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Nick Montfort discusses his work at Harvard Book Store, with book signing
Thursday, September 18, 2014 @ 7:00 pm - 8:00 pm
Harvard Book Store welcomes NICK MONTFORT, associate professor of digital media in Comparative Media Studies/Writing at MIT, for a discussion of #!, World Clock, and 10 PRINT CHR$(205.5+RND(1)); : GOTO 10.
#! (pronounced "shebang") consists of poetic texts that are presented alongside the short computer programs that generated them. The poems, in new and existing forms, are inquiries into the features that make poetry recognizable as such, into code and computation, into ellipsis, into ways of representing ?, and into the alphabet. Computer-generated poems have been composed by Brion Gysin and Ian Sommerville, Alison Knowles and James Tenney, Hugh Kenner and Joseph P. O'Rourke, Charles O. Hartman, and others. The works in #! engage with this tradition of more than 50 years and with constrainted and conceptual writing. The book's source code is also offered as free software. All of the text-generating code is presented so that it, too, can be read; it is all also made freely available for use in anyone's future poetic projects.
On World Clock:
World Clock tells of 1440 incidents that take place around the world at each minute of a day. The novel was inspired by Stanislaw Lem’s “One Human Minute” and Harry Mathews’s “The Chronogram for 1998.” It celebrates the industrial concept of time and certain types of vigorous banality which are shared by all people throughout the world.
This novel was generated with 165 lines of Python code, all of which were written by the author in about four hours on November 27, 2013. The only external data source that is used in the generation process is the computer’s time zone database. The source code is available under a free software license at https://web.archive.org/web/20170724052238/http://nickm.com/code/; anyone is welcome to use that code to generate their own novel or for any other purpose. World Clock was generated as part of the first "NaNoGenMo" or National Novel Generation Month, which was declared on Twitter this year as a response to, and alternative to, the better-known NaNoWriMo (National Novel Writing Month).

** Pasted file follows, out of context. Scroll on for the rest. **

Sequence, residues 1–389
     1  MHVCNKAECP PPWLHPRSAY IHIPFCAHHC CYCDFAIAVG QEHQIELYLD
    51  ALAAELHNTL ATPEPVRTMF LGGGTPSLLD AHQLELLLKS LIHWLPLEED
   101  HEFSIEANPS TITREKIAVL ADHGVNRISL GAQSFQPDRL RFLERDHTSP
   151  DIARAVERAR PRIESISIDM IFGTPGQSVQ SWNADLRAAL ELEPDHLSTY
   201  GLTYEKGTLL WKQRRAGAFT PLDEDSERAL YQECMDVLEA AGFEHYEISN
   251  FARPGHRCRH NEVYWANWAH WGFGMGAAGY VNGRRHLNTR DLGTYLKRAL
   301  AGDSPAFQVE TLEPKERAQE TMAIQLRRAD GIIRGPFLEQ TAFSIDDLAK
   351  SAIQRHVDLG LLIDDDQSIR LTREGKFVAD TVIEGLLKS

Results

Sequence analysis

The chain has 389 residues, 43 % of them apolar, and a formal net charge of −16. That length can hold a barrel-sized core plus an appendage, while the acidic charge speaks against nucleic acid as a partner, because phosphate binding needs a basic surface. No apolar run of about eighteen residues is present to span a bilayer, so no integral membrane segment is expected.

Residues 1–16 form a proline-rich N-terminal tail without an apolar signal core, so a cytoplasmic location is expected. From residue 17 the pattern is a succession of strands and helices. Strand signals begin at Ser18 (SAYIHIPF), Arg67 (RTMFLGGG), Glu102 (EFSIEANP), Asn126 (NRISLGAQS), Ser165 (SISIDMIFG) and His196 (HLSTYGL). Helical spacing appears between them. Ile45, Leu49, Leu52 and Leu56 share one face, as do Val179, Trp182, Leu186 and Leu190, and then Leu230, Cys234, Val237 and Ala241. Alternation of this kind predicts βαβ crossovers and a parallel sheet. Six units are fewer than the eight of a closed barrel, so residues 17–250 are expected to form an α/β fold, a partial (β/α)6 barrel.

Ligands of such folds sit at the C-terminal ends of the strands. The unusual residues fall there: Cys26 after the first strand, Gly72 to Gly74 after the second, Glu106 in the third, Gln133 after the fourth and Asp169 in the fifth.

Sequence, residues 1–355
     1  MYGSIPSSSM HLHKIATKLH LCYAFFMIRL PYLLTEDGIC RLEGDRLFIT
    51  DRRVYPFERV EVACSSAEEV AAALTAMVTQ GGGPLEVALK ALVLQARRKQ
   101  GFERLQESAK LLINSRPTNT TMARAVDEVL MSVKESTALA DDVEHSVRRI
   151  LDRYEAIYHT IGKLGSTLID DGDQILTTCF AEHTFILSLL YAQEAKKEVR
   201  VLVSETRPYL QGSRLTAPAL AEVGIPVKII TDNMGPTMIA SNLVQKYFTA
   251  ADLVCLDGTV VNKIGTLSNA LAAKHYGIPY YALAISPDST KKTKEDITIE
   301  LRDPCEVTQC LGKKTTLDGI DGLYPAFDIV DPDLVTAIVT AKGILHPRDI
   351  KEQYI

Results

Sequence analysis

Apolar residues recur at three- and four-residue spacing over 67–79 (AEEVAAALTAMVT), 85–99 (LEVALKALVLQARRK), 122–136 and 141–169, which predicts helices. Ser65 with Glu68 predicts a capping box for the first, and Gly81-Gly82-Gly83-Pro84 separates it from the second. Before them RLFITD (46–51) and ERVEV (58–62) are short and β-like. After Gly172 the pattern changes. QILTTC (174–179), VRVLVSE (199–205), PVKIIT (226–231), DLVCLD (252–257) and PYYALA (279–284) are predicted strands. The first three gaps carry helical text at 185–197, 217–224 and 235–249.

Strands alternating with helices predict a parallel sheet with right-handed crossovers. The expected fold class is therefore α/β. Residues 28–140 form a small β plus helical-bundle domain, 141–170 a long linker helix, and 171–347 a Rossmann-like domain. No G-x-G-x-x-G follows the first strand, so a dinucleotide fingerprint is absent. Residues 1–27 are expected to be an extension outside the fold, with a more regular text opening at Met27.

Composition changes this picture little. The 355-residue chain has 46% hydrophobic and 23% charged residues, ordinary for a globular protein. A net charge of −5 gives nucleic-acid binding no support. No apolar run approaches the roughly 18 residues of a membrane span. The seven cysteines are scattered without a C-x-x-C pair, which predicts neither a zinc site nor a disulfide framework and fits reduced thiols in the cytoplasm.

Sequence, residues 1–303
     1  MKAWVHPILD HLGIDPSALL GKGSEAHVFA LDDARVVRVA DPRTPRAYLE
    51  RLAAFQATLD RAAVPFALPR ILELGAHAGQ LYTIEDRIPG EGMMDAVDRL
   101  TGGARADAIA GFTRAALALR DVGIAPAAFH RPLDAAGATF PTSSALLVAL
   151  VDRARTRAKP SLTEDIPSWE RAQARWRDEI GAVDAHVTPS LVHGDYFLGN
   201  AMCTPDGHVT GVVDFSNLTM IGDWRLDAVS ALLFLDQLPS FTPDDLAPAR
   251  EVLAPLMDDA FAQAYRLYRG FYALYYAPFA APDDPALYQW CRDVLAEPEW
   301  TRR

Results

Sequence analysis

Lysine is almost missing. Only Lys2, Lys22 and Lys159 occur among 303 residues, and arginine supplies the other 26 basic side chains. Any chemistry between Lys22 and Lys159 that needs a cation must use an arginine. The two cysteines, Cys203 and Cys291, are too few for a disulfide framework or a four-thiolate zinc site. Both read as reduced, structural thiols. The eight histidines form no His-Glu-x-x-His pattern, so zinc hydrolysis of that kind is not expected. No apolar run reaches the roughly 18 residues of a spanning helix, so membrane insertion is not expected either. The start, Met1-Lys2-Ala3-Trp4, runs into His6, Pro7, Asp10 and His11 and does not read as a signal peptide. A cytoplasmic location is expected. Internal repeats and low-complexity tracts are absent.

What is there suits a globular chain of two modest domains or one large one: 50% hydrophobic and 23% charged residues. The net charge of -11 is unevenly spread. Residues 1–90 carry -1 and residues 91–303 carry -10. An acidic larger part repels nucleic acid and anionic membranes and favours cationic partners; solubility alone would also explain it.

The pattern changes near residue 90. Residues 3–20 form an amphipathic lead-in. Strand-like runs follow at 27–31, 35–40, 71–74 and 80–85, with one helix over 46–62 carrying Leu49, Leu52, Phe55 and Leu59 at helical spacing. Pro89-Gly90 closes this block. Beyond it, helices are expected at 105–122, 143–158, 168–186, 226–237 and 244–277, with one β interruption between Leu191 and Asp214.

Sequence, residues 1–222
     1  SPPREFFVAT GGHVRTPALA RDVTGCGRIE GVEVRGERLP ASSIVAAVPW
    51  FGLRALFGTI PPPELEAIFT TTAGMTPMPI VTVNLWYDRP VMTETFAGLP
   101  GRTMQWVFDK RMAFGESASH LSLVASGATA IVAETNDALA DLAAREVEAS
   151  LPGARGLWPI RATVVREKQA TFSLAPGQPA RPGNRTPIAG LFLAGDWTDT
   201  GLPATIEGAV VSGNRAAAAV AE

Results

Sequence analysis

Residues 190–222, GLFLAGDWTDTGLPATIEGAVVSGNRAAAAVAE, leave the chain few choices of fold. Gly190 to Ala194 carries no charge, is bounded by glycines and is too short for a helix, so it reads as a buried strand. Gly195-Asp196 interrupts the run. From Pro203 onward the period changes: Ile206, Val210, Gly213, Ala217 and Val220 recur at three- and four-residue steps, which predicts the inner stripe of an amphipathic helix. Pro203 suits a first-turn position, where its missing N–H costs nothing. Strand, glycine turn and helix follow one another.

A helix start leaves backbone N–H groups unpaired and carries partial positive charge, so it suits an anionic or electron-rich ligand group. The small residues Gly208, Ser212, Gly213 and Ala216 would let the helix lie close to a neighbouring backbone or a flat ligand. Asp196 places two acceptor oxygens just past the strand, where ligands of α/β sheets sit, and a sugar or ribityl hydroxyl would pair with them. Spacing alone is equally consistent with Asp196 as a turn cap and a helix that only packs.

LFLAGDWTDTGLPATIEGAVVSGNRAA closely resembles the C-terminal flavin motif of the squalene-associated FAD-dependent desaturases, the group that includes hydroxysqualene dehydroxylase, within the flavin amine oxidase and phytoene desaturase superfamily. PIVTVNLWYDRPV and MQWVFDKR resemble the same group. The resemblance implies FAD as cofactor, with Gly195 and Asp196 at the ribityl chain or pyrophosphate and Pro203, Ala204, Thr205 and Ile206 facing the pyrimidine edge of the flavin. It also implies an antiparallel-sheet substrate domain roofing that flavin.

On 10 PRINT CHR$(205.5+RND(1)); : GOTO 10:
This book takes a single line of code–the extremely concise BASIC program for the Commodore 64 inscribed in the title–and uses it as a lens through which to consider the phenomenon of creative computing and the way computer programs exist in culture. The authors of this collaboratively written book treat code not as merely functional but as a text–in the case of 10 PRINT, a text that appeared in many different printed sources–that yields a story about its making, its purpose, its assumptions, and more. They consider randomness and regularity in computing and art, the maze in culture, the popular BASIC programming language, and the highly influential Commodore 64 computer.
Nick Montfort develops literary generators and other computational art and poetry. He has participated in dozens of literary and academic collaborations. He is associate professor of digital media in Comparative Media Studies/Writing at MIT and faculty advisor for the Electronic Literature Organization, whose Electronic Literature Collection Volume 1 he co-edited. Montfort wrote the books of poems #! and Riddle & Bind and co-wrote 2002. The MIT Press has published four of his collaborative and individually-authored books: The New Media Reader, Twisty Little Passages, Racing the Beam, and 10 PRINT CHR$(205.5+RND(1)); : GOTO 10, a collaboration with nine other authors that Montfort organized.